Archive for July 2nd, 2009

Two From the Stonewall Jukebox

July 2, 2009


Stonewall Inn, NYC 1969


Listen – Gladys Knight & the Pips – The Nitty Gritty – MP3″

Listen – Gladys Knight & the Pips – Friendship Train – MP3″

Greetings all.

I hope everyone has downloaded this weeks slice of the Funky16Corners Radio pie, ingested the funk and got themselves some pep in their step.
Summer is finally here, and although the thunderclaps pop in now and again, it’s usually at the end of a hot day, which is par for the summer course, so I can’t really complain (can I?).
And now, a sociopolitical public service message…*
Last weekend we were out running the errands and what not, listening (as we always are) to the Sirius satellite radio, and since Mr Stern was pumping a repeat, we moved on over to OutQ (the LGBT station) to see what was up, and happened upon a very interesting piece of soul/funk related information.
June 28th marked the 40th anniversary of the beginning of the Stonewall uprising, in which the patrons of the bar of the same name fought back against police harassment of the gay community, giving birth to the modern gay rights movement.
The host (I think it was Derek Hartley Larry Flick) was going through a list of the songs on the jukebox at the Stonewall that night in June 1969. Naturally my ears perked right up, since history has proven our gay brothers and sisters to have excellent taste in dance music.
I made a note to myself to dig into Google to see if I could turn up a copy of the song list.
I did.
“Why?” you ask “am I doing this?”
Well, first of all, basic cultural/musical curiosity.
Secondarily – but ultimately more importantly – we as a nation are at a crossroads of sorts in relation to recognition of gay Americans as first class citizens (i.e. entitled to the same rights as the rest of us), especially in relation to the institution of marriage and all the rights that follow.
The fact that we have allowed religious ideologues to keep this right (which is a 100% civil concept in that you can get whatever religious figure you want to marry you, but if you don’t get a license and file it at city hall you are not married) away from our fellow citizens, because they happen to be gay, lesbian or transgender, is a digrace.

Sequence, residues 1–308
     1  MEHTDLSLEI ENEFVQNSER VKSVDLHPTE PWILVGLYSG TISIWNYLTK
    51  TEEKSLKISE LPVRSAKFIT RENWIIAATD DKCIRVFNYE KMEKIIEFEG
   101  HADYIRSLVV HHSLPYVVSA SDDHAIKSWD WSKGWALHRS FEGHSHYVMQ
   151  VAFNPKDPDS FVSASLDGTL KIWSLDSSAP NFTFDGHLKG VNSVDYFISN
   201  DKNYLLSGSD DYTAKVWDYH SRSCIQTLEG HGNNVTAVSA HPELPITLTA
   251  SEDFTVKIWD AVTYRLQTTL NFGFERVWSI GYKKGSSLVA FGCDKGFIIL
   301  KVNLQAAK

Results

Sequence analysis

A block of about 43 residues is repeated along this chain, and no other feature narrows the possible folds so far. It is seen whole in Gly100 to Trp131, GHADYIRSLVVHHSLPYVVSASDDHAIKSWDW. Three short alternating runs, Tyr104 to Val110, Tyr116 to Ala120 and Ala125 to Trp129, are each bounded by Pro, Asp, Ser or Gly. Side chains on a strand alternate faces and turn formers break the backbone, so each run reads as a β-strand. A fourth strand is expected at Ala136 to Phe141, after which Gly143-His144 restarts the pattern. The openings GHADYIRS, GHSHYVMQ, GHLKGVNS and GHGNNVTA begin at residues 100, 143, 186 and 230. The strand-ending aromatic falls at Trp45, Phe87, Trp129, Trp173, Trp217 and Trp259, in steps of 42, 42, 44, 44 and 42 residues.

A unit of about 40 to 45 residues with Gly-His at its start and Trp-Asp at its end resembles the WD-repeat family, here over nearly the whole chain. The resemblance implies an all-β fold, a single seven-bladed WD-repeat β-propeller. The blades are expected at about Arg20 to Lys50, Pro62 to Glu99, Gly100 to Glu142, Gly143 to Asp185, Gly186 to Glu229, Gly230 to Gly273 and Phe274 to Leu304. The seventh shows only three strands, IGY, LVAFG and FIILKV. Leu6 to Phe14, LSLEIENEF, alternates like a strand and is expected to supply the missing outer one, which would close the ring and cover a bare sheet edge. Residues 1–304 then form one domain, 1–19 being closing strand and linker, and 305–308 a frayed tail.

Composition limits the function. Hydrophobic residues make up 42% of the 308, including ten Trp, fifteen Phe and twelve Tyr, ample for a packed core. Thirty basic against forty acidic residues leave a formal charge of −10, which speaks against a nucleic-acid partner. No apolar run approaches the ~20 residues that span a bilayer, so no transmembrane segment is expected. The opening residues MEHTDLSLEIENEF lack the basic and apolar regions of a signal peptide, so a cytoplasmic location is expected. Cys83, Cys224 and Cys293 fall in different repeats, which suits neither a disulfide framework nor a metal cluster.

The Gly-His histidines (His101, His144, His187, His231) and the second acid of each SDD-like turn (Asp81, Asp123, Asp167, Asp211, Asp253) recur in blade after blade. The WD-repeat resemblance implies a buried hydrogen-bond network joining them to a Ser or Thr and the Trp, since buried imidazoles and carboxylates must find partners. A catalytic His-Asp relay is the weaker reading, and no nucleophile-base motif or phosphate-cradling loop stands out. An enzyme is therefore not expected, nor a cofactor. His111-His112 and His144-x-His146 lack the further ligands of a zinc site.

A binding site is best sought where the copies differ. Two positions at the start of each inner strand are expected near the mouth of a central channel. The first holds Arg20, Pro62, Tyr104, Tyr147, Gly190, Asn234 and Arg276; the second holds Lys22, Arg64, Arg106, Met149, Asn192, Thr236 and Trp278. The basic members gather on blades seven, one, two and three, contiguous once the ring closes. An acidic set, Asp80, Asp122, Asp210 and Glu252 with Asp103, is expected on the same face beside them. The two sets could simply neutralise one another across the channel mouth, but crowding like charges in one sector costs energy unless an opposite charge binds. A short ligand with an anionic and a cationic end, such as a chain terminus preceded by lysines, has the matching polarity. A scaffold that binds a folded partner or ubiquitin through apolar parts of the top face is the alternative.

The concept in question is equal protection under the law. It’s pretty simple despite a veritable tsunami of disingenuous double-talk from religious figures and their political servants to the contrary.
The time is long since passed for this injustice to be remedied. President Obama seems to be taking a (very) measured approach to the situation, but I hope that he’ll end up doing the right thing and ending the prohibition against gay marriage.
The Stonewall uprising is an important touchstone for this issue since it was really the first significant event in which the gay community stood up and insisted that they be treated with the same level of legal respect as their fellow Americans.
It has been a long 40 years, but things have gotten better since then. They aren’t where they should be, but it is important to keep in mind that for almost three of those four decades, the fight for gay rights has been running against the rising tide of religious fundamentalism, and the latter’s effect on political discourse (as it is).
Fortunately for all of us, we have a Constitution that is supposed to guarantee equal rights for all citizens. Unfortunately not everyone that has taken an oath to uphold that document is clear on this point.
If you take a look at the 1969 playlist from the jukebox at the Stonewall, there’s lots of Top 40 soul and funk, a couple of surprises (the Equals’ ‘Black Skin Blue Eyed Boys’ , The Flirtations ‘Nothing But a Heartache’ and Marva Whitney’s slamming ‘It’s My Thing’), as well as show tunes and mainstream balladeering (Streisand, Sinatra, Eydie Gorme and Connie Francis).
I wanted to commemorate this anniversary, so I picked a couple of personal favorites out of the list and reposted them.
The tunes in question are both by Gladys Knight and the Pips. The first, their version of Shirley Ellis’ ‘The Nitty Gritty’, which is a funky killer, and second (and more symbolically important) ‘Friendship Train’.
I’ve always felt that despite their chart success, Gladys and her Pips don’t really get the respect they deserve amongst the soul and funk crowd.
So, the next time this particular issue comes up for discussion, whether among friends, at the ballot box or in court, keep these words of wisdom in mind, and do what you can to push things in the right direction.

Oh yes it is now people let me tell you now
We’ve got to learn to live with each other
No matter what the race, creed or color
I just got to tell you what the world needs now
Is love and understanding get aboard the friendship train
Everybody shake a hand make a friend now
Listen to us now, we’re doing our thing
On the friendship train

Keep it in mind, and I’ll be back on Monday with some soul.



*Bet you thought you wouldn’t see one of those for at least four years..

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